Therapy Dogs, Service Dogs, and Emotional Support Dogs – The Ultimutt Guide!

TALES BLOG /Ultimutt Guide

One of the most common questions we receive is “what’s the difference between a service dog, therapy dog, and emotional support dog?”. These terms are often incorrectly used in everyday conversation so understanding the differences can be difficult. Have no fear because Hand in Paw is here to clear the air!

Let’s start with what Hand in Paw knows best – therapy dogs!

Therapy dogs visit people of all ages dealing with emotional and physical life challenges alongside their owner. They deliver positive distraction, motivation, empathy, and compassion to people in need. Hand in Paw is a human service organization that provides training and evaluations for therapy animals (dogs and cats) and their handlers. We do not have any association with service dogs or emotional support dogs. Hand in Paw therapy dogs and their owners provide therapeutic comfort to many people in schools, nursing homes, hospitals, and other settings across Central Alabama and Tuscaloosa!

What about service dogs?

Service dogs are dogs who are specifically trained to perform tasks to help an individual person who has a disability. Service dogs stay with their person and have the civil right to enter public settings to help their owner mitigate their disability. Service dogs may not enter public settings by themselves or with a different person. One of the most common examples of a service dog is a dog who guides an owner who is blind. Other examples of service dogs include diabetic alert dogs, seizure alert dogs, and allergy detection dogs to name a few.

So what do emotional support dogs do?

Emotional support dogs are prescribed by a licensed mental health professional to an individual person with a disabling mental illness. A therapist, psychologist, or psychiatrist must determine that the presence of the animal is needed for mental health of the patient. Emotional support dogs support through companionship and can help ease anxiety, depression, and certain phobias. Emotional support dogs do not qualify as service animals according to the Americans With Disabilities Act and therefore do not have the same rights of access to public places.  

Click the chart below for a downloadable pdf!

To help dive in even further on the differences between therapy dogs and service dogs, we met with Hand in Paw volunteer Meghan Mills!

Meghan is an Associate Professor of Sociology at Birmingham-Southern College and has both a Hand in Paw Therapy Dog named Dawli and a Service Dog named Arrow! We sat down with Meghan to hear her first-hand experience of training and working with therapy and service dogs to help explain what makes their individual roles unique.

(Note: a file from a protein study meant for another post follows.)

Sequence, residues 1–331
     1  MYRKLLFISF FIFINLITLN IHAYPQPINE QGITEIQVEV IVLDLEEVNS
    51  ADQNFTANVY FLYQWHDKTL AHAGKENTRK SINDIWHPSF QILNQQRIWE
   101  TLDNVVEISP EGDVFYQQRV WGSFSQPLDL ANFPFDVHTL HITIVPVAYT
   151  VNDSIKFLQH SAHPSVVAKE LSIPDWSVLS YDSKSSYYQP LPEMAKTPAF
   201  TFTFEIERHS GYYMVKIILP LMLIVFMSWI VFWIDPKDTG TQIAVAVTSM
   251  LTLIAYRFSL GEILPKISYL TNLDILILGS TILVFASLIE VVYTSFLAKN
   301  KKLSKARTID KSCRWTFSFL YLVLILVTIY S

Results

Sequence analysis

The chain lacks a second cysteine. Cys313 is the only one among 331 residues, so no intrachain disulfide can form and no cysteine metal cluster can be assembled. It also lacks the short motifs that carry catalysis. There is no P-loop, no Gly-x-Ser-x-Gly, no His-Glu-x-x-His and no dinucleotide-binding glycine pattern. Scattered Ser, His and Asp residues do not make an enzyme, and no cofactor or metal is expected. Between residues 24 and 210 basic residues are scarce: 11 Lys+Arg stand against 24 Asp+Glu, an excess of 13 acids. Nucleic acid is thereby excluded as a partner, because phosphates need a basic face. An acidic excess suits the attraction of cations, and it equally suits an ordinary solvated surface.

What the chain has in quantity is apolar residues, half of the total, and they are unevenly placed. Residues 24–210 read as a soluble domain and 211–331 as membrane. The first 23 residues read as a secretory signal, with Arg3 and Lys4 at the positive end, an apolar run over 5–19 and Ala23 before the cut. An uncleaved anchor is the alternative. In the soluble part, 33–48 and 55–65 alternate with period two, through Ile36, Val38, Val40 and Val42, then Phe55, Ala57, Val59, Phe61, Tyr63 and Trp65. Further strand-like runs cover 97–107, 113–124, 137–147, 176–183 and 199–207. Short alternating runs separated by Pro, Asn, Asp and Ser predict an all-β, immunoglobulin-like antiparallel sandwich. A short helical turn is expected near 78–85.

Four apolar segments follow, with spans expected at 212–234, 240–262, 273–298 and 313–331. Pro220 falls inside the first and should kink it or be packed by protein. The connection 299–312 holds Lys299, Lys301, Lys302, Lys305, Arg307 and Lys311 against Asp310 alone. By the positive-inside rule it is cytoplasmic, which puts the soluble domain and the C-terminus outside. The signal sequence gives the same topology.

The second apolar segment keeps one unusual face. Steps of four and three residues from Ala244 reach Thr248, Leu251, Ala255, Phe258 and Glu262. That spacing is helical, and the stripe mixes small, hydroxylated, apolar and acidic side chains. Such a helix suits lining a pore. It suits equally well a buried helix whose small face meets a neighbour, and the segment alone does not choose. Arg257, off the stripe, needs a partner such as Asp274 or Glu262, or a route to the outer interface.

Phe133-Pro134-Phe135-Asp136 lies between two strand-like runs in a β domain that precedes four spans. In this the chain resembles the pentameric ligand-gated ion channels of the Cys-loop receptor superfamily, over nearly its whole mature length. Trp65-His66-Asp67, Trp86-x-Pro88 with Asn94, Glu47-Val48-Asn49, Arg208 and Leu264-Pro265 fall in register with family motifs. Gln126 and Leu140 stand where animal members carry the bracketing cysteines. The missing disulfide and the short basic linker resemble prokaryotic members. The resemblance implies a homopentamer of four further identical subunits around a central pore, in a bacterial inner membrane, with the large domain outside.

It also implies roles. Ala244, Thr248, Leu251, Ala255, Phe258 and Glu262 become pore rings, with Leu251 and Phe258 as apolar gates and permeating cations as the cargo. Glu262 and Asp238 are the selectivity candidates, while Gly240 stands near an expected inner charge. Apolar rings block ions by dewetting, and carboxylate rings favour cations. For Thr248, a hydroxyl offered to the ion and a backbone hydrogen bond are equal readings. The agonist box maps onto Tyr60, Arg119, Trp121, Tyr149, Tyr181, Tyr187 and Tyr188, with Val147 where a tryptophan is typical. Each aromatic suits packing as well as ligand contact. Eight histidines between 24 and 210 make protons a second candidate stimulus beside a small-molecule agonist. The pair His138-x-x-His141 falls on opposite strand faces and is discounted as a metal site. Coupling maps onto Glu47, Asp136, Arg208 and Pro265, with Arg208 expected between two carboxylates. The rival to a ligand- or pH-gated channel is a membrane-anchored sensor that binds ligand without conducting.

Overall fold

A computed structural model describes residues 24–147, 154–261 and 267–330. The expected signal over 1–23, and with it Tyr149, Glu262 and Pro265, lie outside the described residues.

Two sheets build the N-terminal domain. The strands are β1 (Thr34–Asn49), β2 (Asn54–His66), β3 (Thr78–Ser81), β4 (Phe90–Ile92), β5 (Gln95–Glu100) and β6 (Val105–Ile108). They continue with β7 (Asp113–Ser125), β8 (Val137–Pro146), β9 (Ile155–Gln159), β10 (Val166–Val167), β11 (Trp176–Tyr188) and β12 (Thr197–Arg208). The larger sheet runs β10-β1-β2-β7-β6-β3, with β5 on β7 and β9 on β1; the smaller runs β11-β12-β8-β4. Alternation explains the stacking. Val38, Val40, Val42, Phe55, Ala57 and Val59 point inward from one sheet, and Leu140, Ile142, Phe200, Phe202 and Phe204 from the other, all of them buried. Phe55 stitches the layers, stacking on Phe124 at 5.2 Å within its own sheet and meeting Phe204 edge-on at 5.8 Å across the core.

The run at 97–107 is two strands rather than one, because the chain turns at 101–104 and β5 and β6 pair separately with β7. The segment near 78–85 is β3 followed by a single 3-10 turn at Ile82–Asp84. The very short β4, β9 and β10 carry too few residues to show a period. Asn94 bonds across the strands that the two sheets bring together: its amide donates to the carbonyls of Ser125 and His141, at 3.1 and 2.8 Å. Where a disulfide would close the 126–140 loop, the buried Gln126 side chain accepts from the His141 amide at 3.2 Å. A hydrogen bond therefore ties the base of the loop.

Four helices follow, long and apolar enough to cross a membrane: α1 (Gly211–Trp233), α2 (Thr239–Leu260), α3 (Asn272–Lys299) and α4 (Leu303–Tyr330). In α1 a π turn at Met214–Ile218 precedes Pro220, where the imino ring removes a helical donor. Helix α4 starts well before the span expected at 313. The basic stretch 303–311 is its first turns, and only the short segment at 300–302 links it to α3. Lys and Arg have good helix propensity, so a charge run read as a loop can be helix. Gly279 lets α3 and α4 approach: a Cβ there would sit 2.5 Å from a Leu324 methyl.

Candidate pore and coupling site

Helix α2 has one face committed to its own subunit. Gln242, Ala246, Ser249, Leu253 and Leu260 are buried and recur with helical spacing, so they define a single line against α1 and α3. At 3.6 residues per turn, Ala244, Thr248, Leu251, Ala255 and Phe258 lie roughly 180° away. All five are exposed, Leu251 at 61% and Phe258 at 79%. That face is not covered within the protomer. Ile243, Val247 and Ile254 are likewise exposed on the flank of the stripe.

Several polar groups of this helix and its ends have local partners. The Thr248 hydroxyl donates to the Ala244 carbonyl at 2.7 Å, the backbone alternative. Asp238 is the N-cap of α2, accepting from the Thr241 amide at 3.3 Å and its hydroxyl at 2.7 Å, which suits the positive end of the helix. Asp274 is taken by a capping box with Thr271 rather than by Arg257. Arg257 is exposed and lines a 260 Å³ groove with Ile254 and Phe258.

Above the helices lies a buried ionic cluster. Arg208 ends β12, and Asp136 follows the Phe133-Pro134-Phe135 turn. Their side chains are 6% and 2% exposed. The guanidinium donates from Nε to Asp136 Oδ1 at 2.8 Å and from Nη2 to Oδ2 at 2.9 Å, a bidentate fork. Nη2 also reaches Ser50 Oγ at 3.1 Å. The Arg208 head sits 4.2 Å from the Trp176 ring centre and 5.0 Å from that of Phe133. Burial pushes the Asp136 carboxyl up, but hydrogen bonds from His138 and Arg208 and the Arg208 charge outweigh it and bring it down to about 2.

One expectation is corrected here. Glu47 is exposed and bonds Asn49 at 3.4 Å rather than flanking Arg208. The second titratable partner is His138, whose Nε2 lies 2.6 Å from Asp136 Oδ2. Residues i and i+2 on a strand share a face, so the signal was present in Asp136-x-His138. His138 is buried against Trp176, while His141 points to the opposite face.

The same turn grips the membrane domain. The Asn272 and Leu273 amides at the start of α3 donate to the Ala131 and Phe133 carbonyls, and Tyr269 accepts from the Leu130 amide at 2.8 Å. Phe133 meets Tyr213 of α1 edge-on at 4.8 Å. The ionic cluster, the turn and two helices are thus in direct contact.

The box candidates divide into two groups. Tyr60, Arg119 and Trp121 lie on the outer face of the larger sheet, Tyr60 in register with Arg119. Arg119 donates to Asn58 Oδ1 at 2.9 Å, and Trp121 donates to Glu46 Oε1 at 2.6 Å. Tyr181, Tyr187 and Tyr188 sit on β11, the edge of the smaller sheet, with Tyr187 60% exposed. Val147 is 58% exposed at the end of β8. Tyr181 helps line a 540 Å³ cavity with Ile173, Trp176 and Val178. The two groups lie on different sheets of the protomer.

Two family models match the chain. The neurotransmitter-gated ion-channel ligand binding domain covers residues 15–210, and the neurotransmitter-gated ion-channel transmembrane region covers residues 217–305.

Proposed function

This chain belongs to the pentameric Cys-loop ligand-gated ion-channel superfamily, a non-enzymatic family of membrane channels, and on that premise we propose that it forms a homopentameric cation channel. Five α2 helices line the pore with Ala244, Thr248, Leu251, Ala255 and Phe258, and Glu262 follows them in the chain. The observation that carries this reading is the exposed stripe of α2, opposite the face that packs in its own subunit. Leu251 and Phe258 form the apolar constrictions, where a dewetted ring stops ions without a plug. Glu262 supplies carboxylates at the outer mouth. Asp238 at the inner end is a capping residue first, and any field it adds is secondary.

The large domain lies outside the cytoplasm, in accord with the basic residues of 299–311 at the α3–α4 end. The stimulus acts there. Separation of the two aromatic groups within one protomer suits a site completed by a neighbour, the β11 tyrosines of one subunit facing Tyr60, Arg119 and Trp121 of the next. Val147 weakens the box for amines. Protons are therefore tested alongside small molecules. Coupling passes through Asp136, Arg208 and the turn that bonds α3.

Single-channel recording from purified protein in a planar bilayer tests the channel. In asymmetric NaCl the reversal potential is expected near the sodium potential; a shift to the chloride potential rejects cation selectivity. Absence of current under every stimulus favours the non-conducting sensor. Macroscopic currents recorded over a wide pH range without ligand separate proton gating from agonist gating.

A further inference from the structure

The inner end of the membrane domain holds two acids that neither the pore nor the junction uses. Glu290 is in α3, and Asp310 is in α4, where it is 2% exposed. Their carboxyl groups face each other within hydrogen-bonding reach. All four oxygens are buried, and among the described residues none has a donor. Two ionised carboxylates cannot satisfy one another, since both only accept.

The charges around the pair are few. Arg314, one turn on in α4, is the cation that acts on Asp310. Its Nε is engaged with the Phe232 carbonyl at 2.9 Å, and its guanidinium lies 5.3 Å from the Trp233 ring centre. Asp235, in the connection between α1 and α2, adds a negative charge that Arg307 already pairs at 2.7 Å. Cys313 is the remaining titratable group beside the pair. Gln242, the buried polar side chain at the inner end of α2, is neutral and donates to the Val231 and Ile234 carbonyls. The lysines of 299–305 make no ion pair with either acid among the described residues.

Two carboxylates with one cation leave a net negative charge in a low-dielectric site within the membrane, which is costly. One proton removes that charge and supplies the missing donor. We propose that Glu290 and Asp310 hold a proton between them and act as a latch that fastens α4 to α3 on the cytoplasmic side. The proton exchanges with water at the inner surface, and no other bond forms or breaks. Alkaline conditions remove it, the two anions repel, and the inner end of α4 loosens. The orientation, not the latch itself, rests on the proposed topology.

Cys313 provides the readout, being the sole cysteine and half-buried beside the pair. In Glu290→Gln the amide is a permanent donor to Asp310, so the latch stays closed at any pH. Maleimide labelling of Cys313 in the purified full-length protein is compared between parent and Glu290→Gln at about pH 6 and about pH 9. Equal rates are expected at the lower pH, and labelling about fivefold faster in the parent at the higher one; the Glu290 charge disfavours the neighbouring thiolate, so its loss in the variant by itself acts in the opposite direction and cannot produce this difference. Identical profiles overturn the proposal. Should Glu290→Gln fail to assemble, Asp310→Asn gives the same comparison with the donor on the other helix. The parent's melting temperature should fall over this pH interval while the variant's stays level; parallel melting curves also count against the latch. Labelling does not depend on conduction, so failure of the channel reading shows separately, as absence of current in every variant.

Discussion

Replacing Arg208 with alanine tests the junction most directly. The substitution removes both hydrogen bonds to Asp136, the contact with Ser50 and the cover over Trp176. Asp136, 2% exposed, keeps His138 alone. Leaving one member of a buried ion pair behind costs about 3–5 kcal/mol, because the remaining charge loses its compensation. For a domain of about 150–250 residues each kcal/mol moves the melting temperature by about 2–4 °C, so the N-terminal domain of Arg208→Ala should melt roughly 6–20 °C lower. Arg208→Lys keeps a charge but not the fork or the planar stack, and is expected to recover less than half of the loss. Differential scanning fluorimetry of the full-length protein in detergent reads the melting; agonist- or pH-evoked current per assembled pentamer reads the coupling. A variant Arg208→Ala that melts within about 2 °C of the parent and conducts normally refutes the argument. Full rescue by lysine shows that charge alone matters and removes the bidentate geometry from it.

Here’s what she had to say!  

“Dawli and I love visiting and bringing a smile to people's faces as a therapy team. Our favorite visits are Sit, Stay, Read and Pawsitive Living with school-aged children. Dawli loves meeting new people and getting pets. Before becoming a therapy dog, we had to work on basic obedience in group training classes and socialization to new settings and things, especially medical equipment. As a therapy dog, Dawli only goes to non-pet friendly places we are invited to through Hand in Paw community partnerships. 

As my Service Dog, Arrow has a completely different job than Dawli. He underwent about 2 years of professional training to become a Service Dog as he must be "bomb proof" to all situations; Service Dogs are the "Olympic athletes" of working dogs. As a person with a disability (epilepsy), Arrow saves my life on a regular basis by performing seizure alerts and response. He is with me pretty much 24/7 (work, shopping, doctor's appointments, etc.) and yes, we sometimes get on each other's nerves! It is worth it though because he has given me my independence back by allowing me to drive a car and teach college without being in a constant fear of having a seizure and hurting myself. Before Arrow, I had frequent concussions and other injuries from falling when having unexpected seizures. Arrow LOVES other people but he is trained to ignore them when working in public so he can focus on his job and keep me safe. The plan is when he retires from being my Service Dog, he can be a Hand in Paw therapy dog like his big sister!”       

We hope that this blog post was helpful in understanding the differences between therapy dogs, service dogs, and emotional support dogs! To learn more about becoming a Hand in Paw Therapy Team, please visit .